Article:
The tides from the gravity of the Moon and Sun cause the surface of the Earth to rise and fall by tenths of meters at a point over a nearly 12 hr period.

Therefore, the values defined below are based on a "general purpose" model, refined as globally precisely as possible within 5 m of reference ellipsoid height, and to within 100 m of mean sea level (neglecting geoid height).

Additionally, the radius can be estimated from the curvature of the Earth at a point. Like a torus the curvature at a point will be largest (tightest) in one direction (North-South on Earth) and smallest (flattest) perpendicularly (East-West). The corresponding radius of curvature depends on location and direction of measurement from that point. A consequence is that a distance to the true horizon at the equator is slightly shorter in the north/south direction than in the east-west direction.

In summary, local variations in terrain prevent the definition of a single absolutely "precise" radius. One can only adopt an idealized model. Since the estimate by Eratosthenes, many models have been created. Historically these models were based on regional topography, giving the best reference ellipsoid for the area under survey. As satellite remote sensing and especially the Global Positioning System rose in importance, true global models were developed which, while not as accurate for regional work, best approximate the earth as a whole.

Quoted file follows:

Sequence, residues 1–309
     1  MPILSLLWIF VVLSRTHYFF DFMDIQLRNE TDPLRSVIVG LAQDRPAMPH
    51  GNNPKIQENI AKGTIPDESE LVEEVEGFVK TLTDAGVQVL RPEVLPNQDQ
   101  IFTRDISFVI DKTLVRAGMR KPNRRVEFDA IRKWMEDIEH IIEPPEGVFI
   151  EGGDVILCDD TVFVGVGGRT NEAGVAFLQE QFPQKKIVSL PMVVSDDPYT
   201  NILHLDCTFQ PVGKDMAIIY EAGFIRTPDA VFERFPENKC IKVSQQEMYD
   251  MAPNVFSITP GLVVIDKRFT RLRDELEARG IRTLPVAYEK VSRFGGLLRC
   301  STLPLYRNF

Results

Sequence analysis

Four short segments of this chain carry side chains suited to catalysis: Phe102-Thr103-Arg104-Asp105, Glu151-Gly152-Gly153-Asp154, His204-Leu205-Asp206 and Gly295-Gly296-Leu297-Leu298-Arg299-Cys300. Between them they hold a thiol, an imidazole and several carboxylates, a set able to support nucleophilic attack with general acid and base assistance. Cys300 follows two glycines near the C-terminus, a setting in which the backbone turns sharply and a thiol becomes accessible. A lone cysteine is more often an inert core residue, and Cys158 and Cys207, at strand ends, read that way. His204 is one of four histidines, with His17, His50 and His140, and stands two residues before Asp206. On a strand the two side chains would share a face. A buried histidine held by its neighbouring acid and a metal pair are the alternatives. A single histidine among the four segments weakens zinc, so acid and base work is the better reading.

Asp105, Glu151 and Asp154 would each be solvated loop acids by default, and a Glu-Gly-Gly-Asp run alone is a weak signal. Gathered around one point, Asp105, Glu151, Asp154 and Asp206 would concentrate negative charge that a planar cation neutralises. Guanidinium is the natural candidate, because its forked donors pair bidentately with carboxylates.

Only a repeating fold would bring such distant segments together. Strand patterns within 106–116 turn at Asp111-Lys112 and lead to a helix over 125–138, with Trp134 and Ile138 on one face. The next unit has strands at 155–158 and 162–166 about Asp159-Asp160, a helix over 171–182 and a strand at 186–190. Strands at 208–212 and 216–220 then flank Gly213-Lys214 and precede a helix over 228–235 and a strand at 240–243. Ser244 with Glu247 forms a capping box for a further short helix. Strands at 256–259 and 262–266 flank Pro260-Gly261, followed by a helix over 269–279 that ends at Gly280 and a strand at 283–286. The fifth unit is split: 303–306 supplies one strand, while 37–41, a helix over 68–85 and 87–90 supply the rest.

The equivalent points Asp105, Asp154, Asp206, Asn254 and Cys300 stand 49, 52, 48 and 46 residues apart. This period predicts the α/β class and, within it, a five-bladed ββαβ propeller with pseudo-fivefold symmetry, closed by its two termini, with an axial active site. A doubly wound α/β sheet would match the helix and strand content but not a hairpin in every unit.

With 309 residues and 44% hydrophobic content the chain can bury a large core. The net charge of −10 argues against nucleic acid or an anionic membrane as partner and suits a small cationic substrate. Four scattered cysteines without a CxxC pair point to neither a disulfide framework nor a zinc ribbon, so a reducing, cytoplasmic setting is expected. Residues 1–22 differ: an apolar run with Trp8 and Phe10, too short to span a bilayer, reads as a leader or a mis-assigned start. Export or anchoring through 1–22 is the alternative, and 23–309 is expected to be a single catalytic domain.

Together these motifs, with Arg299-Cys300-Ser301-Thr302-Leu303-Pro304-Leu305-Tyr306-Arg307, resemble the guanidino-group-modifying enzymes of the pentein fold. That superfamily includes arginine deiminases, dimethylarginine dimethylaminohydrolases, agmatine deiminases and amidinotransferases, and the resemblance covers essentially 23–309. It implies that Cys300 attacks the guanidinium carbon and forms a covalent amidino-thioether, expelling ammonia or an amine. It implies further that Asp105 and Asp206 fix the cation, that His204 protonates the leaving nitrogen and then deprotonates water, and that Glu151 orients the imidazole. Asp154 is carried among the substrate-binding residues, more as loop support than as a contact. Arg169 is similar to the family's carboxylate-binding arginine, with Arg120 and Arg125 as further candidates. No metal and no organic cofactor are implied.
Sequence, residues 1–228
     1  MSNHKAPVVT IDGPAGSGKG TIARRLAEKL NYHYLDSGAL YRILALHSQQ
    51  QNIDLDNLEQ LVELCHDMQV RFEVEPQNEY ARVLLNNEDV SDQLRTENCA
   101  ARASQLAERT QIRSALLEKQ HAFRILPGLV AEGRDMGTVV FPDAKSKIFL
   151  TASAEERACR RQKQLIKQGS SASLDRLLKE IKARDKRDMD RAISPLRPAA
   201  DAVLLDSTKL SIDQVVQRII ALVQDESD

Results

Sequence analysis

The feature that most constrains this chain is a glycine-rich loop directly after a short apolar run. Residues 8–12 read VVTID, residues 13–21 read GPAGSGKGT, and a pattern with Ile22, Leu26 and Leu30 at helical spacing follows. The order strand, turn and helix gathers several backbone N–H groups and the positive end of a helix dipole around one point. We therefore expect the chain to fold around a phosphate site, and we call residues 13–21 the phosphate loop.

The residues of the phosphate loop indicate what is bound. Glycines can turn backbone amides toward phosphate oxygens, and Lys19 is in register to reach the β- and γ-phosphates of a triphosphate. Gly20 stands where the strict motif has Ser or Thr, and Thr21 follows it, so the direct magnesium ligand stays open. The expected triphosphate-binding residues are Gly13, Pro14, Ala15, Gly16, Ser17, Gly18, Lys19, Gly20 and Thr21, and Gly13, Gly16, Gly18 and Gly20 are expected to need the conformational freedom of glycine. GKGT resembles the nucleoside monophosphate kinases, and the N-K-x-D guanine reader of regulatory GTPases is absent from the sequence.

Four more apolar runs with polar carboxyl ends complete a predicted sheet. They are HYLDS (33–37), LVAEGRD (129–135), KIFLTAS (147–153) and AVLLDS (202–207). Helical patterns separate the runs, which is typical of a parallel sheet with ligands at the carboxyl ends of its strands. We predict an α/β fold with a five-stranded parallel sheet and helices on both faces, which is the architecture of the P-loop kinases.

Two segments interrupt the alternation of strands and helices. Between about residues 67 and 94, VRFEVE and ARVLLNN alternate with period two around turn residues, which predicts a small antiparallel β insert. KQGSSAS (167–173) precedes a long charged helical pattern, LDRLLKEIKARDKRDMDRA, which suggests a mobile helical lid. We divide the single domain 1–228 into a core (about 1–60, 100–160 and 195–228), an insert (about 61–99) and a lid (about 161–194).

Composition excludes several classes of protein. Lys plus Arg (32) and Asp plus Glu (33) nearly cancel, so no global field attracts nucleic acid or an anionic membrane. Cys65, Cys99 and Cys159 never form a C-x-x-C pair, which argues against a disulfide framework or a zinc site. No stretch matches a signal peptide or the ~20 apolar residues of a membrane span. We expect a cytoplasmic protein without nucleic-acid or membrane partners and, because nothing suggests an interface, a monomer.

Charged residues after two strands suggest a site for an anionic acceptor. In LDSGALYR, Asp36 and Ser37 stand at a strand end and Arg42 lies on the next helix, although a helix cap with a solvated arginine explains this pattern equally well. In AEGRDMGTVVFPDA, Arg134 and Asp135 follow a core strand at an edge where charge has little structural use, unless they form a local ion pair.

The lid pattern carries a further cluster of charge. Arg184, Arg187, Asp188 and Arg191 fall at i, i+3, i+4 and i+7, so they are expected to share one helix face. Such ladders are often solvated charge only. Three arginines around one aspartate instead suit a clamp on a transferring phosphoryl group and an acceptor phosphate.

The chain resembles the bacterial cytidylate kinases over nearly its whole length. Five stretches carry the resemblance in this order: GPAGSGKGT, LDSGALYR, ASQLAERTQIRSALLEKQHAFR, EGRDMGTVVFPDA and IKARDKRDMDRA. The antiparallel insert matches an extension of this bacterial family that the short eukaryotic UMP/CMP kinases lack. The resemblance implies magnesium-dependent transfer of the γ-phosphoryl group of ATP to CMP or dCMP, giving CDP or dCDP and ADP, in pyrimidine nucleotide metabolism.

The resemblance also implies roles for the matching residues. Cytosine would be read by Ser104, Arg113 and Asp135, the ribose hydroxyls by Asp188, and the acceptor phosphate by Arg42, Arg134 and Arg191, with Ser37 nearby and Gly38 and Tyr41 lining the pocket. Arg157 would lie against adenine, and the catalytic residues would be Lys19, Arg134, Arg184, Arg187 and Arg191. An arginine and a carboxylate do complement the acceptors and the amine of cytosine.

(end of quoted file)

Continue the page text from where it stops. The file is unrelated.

Fixed radii

The following radii are fixed, and do not include a variable location dependence.

Equatorial radius: a

The Earth's equatorial radius, or semi-major axis, is the distance from its center to the equator and equals 6,378.137 km (≈3,963.191 mi; ≈3,443.918 nmi). At coord|0|S|121.83|E|, the geoid height rises to 63.42 m above the reference ellipsoid (), giving a total radius of 6,378.200 km.The equatorial radius is often used to compare Earth with other planets.

Polar radius: b

The Earth's polar radius, or semi-minor axis, is the distance from its center to the North and South Poles, and equals 6,356.7523 km (≈3,949.903 mi; ≈3,432.372 nmi). The geoid height (WGS-84) at the North Pole is 13.6 m above the reference ellipsoid, and at the South Pole 29.5 m below the reference, giving the more exact 6,356.766 km and 6,356.723 km, respectively.

Radii with location dependence

Radius at a given geodetic latitude

The Earth's radius at geodetic latitude, phi,!, is:

:R=R(phi)=sqrt{frac{(a^2cos(phi))^2+(b^2sin(phi))^2}{(acos(phi))^2+(bsin(phi))^2;,!

Radius of curvature

These are based on a oblate ellipsoid.

Eratosthenes used two points, one exactly north of the other. The points are separated by distance D, and the vertical directions at the two points are known to differ by angle of heta, in radians.A formula based on Eratosthenes method is::: R= frac{D}{ heta};,!which gives an estimate of radius based on the north-south curvature of the Earth.

Meridional

:In particular the Earth's "radius of curvature in the (north-south) meridian" at phi,! is::::M=M(phi)=frac{(ab)^2}{((acos(phi))^2+(bsin(phi))^2)^{3/2;,!

Normal